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How Words Shape Human Cognition
Tuesday, May 16, 2017 - 18:45
A common assumption in psychology and linguistics is that words map onto pre-existing meanings. I will argue that this view is mistaken and that words play a much more central role in creating meaning than is generally acknowledged. In the first part of the talk, I will present a range of empirical evidence for the functions of language beyond communication, focusing on categorization and visual perception. On the presented view, many of the unique aspects of human cognition stem from the power of words to flexibly create categories from perceptual representations, allowing language to act as a high-level control system for the mind. In the second part, I will discuss the consequences of adopting this view for thinking about the evolution of language and culture.
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Evening class information
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Next evening class
From time immemorial, numerous illiterate tribes have created, through the impossible terrain of the Sino-Tibetan Marches, fiercely independent kingdoms which thrived until the early 20th century. Many of them pledged allegiance to the Chinese Empire, as did the little-studied matriarchal “Nu Er Guos” queendoms described in the Chinese Annals until 742. Today, these regions are less isolated, but in spite of the Chinese influence, polyandry is making a come-back. Marriage-less matrilineal societies still flourish in a few remote valleys and courtship customs implying that women would cherry-pick among pretenders have only recently disappeared. Could this unusual state of affairs be the remains of these ancient matriarchal queendoms?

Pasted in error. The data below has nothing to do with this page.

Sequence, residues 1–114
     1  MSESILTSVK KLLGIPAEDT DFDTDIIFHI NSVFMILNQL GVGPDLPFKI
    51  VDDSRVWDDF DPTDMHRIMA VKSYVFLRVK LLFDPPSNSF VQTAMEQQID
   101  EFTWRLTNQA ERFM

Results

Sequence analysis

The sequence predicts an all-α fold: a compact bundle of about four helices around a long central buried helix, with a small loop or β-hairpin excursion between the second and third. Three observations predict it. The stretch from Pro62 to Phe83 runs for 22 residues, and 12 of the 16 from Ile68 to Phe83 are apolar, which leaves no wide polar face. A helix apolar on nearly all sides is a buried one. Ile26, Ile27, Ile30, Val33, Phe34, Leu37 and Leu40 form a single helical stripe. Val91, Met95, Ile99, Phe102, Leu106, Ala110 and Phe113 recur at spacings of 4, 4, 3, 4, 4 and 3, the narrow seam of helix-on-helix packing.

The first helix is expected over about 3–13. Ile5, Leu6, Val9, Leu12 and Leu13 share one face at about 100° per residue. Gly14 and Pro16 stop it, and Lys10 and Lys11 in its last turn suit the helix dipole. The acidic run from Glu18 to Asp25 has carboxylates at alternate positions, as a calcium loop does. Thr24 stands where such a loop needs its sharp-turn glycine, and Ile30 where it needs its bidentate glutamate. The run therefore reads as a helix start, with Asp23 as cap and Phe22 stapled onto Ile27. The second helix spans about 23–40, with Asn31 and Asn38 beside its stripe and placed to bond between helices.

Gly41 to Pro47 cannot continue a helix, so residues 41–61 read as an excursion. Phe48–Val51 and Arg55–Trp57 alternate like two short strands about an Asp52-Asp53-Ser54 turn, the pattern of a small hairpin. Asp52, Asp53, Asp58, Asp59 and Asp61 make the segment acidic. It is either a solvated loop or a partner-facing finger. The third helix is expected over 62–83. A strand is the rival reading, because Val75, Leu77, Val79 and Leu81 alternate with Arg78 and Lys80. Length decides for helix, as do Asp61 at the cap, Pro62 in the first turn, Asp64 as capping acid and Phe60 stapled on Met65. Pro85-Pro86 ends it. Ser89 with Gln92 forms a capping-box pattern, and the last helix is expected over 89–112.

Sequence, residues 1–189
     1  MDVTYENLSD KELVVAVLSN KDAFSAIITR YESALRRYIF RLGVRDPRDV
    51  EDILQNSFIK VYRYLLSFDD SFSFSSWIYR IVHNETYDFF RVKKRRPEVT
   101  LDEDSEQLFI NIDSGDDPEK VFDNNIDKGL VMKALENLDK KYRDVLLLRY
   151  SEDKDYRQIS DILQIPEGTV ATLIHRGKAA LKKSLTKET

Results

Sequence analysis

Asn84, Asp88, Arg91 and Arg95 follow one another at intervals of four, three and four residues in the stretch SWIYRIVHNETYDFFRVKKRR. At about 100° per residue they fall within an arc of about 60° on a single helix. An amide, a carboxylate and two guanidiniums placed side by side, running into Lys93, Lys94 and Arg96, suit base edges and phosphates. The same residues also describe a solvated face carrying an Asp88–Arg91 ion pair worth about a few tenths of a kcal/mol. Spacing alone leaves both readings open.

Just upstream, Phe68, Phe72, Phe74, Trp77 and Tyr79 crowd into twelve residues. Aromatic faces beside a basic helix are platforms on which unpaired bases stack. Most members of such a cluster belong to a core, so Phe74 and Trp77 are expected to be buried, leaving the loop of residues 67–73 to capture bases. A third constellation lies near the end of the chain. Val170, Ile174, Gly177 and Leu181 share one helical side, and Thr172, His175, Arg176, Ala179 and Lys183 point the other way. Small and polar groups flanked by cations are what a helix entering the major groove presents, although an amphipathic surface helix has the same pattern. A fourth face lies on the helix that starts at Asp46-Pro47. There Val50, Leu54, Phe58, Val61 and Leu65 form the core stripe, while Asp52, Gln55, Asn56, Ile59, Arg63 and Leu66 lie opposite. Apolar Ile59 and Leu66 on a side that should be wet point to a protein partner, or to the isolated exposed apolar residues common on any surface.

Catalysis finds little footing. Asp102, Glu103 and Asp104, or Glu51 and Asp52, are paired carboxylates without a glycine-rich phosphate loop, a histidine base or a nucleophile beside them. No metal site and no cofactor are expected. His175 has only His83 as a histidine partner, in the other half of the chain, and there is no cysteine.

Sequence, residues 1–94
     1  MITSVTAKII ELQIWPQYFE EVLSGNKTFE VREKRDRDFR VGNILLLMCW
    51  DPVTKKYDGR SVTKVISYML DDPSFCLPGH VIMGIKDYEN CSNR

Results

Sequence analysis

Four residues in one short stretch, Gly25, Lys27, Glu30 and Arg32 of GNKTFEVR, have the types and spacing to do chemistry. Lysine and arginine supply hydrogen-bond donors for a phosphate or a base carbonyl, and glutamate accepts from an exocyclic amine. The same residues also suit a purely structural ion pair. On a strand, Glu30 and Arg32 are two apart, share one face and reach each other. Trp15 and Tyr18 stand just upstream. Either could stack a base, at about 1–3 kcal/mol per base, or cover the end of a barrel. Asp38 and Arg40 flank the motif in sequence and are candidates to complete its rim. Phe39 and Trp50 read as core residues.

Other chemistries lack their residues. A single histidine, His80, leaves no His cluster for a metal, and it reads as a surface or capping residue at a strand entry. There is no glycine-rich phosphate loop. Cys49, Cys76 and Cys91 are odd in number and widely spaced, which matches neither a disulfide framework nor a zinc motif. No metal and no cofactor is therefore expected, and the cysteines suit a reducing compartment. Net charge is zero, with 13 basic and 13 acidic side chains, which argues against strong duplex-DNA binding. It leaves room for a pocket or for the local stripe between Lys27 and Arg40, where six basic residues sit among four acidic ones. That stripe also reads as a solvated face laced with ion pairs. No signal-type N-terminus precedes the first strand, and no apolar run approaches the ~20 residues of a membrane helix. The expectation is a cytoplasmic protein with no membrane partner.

Or is it also that the extreme remoteness of these realms has preserved age-old traditions once common elsewhere? Both Chinese and Greek earliest texts stated that people “knew their mothers but not their fathers.”
I will argue that, contrary to current western androcentric assumptions, patriarchy is not timeless and the nuclear family is not universal. Rigorous ethnographic scholarship demonstrates that around the globe humans have adopted many different reproductive strategies, all of which were successful and many of which endured until today despite the spread of monotheistic religions and globalization. Time has come for academia to base its claims on facts rather than theories whose primary purpose was, and still is, to justify the status quo.